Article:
Islamophobic posters reported across Essex town

28th Jun 2019

Harun Nasrullah

Islamophobic posters depicting a crusader chasing a woman in niqab have appeared in a town in Essex and are being treated as a hate crime, police confirmed last month.

The posters with ‘Islamists not welcome’ and ‘stay back or we will kick you back’ written on them were put up in numerous streets in Rayleigh. The posters have been reported in Clarence Road, Grove Road, Eastwood Road, as well as Rayleigh High Street.

They included a symbol used by the pan-European white supremacist ‘Generation Identity’, alongside a silhouette image of a crusader on a horse chasing an armed woman in niqab.

Generation Identity calls itself a “patriotic youth movement” that believes in “homeland, freedom and tradition.” It promotes the white genocide conspiracy theory that inspired the Christchurch mosque attacker and calls for a ‘reconquista’ of Europe.

The phrase invokes the reconquest of Spain by the Catholic monarchs, Ferdinand and Isabella, following centuries of rule by Muslims. In their quest to “stop the Islamisation of Europe” and “reverse the Great Replacement”, activists crowdfunded and have a boat to stop refugee rescues in the Mediterranean and patrolled European borders

A spokesman for Essex Police confirmed to The Muslim News they are treating the incident as a hate crime, “We are aware of stickers placed in various locations around Rayleigh displaying messages including‘Islamists not welcome.’ We are keen to speak to those responsible for them to discuss their intent. We are treating this as a hate incident.”

A spokesman for Rochford Council said: “We will be working with the local policing team and community safety partners in relation to this matter.” Shoppers and families were outraged at the abuse too.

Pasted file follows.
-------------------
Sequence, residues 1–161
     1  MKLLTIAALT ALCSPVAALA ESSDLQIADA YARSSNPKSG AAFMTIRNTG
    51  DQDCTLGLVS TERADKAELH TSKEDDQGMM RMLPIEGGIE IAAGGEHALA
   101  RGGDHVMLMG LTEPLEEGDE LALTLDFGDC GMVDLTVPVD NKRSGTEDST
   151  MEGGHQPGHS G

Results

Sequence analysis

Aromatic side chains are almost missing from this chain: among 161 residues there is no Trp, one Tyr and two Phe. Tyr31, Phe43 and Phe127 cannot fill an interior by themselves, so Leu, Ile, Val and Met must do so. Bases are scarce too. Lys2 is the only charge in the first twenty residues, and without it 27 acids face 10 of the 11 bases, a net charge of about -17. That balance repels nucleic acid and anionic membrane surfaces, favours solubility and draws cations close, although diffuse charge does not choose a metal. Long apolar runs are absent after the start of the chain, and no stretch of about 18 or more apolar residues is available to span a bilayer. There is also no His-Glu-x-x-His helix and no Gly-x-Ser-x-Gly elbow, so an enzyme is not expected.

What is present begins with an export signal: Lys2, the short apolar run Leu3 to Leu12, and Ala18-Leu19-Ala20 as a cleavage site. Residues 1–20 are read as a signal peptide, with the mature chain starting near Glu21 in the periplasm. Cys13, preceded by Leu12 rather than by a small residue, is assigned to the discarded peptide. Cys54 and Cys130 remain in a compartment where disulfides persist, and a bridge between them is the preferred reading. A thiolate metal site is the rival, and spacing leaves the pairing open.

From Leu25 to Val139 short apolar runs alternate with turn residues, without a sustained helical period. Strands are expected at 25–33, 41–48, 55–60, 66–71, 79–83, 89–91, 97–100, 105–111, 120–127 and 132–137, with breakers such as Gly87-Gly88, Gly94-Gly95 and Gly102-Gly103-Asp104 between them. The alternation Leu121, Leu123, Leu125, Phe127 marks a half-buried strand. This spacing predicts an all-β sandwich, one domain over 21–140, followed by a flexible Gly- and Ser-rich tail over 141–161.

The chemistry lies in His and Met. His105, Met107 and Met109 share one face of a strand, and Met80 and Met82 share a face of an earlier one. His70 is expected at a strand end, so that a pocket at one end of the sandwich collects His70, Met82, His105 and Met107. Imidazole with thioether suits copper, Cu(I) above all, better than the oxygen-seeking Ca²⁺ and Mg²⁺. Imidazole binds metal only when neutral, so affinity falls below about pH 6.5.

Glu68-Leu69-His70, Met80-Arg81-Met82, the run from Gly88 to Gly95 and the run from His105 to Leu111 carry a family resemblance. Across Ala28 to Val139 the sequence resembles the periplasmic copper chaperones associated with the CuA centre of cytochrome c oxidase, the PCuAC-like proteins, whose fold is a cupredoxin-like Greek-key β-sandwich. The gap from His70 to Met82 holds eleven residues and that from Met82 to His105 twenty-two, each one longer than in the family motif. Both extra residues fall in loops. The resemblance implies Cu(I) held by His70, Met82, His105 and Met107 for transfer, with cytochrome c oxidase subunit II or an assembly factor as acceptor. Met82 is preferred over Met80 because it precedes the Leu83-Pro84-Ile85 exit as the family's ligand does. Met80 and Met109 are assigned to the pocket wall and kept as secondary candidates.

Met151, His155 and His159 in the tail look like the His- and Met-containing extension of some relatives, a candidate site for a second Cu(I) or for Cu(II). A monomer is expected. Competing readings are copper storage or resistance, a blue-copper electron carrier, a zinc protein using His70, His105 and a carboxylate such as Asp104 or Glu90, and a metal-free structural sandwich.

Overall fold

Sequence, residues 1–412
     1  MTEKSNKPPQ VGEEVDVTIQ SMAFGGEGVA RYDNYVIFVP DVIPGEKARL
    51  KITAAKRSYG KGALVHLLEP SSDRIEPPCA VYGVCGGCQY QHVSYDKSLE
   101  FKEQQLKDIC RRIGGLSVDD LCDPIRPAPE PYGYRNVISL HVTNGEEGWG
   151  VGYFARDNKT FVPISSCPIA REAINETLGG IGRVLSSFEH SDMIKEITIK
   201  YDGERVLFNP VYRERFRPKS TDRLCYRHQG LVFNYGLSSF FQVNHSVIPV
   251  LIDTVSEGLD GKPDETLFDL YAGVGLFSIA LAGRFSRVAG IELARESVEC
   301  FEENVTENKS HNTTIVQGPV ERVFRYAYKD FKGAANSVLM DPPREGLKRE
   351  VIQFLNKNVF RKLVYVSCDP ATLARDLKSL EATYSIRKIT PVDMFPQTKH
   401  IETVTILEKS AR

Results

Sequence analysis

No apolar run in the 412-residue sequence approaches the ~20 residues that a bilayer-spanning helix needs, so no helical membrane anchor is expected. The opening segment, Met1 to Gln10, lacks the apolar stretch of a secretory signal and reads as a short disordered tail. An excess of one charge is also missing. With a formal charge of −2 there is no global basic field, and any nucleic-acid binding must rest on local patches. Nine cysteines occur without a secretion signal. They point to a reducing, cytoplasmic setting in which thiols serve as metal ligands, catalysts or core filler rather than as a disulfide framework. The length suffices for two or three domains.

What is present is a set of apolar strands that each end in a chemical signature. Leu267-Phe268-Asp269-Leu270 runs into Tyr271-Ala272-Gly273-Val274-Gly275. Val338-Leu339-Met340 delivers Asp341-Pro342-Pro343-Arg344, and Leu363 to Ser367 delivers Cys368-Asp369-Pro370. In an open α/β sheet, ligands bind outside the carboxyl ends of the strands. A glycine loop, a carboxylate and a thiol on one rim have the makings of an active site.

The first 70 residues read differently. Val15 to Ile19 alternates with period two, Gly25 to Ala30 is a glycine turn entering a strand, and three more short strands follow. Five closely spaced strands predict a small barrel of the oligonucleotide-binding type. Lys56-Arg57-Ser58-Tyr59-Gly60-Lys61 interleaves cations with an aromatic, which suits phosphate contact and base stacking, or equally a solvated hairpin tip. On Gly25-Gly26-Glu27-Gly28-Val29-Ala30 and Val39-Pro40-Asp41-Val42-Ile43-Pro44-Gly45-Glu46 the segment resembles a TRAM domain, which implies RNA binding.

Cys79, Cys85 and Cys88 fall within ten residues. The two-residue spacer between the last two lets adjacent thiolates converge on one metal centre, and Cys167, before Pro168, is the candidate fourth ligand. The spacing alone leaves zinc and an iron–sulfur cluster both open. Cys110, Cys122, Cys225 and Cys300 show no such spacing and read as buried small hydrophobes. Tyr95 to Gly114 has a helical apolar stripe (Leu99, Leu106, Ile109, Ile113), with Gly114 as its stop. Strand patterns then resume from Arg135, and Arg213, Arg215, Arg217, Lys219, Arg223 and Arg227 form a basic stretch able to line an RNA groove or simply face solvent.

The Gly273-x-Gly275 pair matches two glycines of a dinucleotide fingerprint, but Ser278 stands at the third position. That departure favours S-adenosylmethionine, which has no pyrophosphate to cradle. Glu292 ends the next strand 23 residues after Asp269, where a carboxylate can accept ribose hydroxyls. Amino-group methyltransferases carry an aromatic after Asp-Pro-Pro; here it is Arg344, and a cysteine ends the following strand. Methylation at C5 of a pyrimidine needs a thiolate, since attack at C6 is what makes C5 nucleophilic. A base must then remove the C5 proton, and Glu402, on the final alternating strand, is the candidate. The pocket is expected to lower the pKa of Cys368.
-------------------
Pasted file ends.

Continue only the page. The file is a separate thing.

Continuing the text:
One, who contacted the Echo about the stickers, said: “It is absolutely vile. I did not expect to encounter stickers and branding like this these days, especially not in a place like Rayleigh.

“I thought we lived in a tolerant society but clearly not. I know Brexit has caused some tension, but I did not think we had people like that, with those thoughts, in this area.”

Ahmad Khwaja, Chair of the Southend Ethnic Minority Forum, told the Evening Standard: “It is both worrying and disappointing that anti-Islamic posters have been appearing. This Islamophobia is fuelled by ignorance, and it is likely that the people posting them have had little or no contact with any Muslim people in their own lives.

“Sadly anti-Muslim bias is prevalent and has become normalised in the media and politics today. It is therefore yet to be taken as seriously as other hate crimes such as those of antisemitism or homophobia.”

Generation Identity describes itself as a “patriotic youth movement” that believes in “homeland, freedom and tradition.”

It advocates the “white genocide” conspiracy theory that inspired the Christchurch mosque killer, Brenton Tarrant. The posters found in Rayleigh are sold via a merchandise company linked to the group which was managed by Tore Rasmussen, a Norwegian former neo-Nazi who was investigated over the stabbing of an African migrant in Stavanger in 2001.

He is one of three Generation Identity members that have been blocked from entering Britain. Their presence was ruled “not conducive to the public good”, but has since left the group.

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